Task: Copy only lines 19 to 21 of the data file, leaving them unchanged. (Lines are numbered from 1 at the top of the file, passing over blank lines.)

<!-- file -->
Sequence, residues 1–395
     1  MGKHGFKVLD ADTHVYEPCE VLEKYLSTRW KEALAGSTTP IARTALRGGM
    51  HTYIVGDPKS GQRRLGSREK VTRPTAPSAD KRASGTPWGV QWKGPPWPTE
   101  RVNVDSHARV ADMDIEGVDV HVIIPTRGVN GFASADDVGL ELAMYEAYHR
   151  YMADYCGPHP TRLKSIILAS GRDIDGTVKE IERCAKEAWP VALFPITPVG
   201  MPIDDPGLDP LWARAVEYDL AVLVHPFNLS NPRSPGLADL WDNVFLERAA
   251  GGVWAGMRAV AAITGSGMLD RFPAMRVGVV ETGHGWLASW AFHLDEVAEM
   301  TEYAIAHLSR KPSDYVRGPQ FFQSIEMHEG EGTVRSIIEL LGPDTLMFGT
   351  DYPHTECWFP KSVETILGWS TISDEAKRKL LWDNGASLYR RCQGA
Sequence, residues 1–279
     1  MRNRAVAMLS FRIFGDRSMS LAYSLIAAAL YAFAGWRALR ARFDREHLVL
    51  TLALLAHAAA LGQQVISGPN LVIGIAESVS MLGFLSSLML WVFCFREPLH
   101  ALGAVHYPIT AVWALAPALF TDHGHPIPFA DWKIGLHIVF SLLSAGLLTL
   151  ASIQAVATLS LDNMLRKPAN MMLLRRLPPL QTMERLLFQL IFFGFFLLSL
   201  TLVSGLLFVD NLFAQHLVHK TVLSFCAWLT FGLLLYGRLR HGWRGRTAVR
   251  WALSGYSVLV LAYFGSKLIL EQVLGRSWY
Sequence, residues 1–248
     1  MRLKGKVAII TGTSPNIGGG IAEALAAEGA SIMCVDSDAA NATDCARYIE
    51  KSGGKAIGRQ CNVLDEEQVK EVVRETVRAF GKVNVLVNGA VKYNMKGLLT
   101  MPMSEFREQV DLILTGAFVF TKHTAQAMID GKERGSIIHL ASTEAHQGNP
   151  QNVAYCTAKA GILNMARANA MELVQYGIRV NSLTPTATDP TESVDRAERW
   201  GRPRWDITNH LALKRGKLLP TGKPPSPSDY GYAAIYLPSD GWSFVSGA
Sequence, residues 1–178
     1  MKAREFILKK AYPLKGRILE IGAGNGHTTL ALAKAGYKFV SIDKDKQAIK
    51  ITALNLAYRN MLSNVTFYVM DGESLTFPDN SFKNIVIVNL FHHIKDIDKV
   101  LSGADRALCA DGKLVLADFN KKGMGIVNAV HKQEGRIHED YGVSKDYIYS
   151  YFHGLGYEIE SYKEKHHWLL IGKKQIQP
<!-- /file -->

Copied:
    51  KSGGKAIGRQ CNVLDEEQVK EVVRETVRAF GKVNVLVNGA VKYNMKGLLT
   101  MPMSEFREQV DLILTGAFVF TKHTAQAMID GKERGSIIHL ASTEAHQGNP
   151  QNVAYCTAKA GILNMARANA MELVQYGIRV NSLTPTATDP TESVDRAERW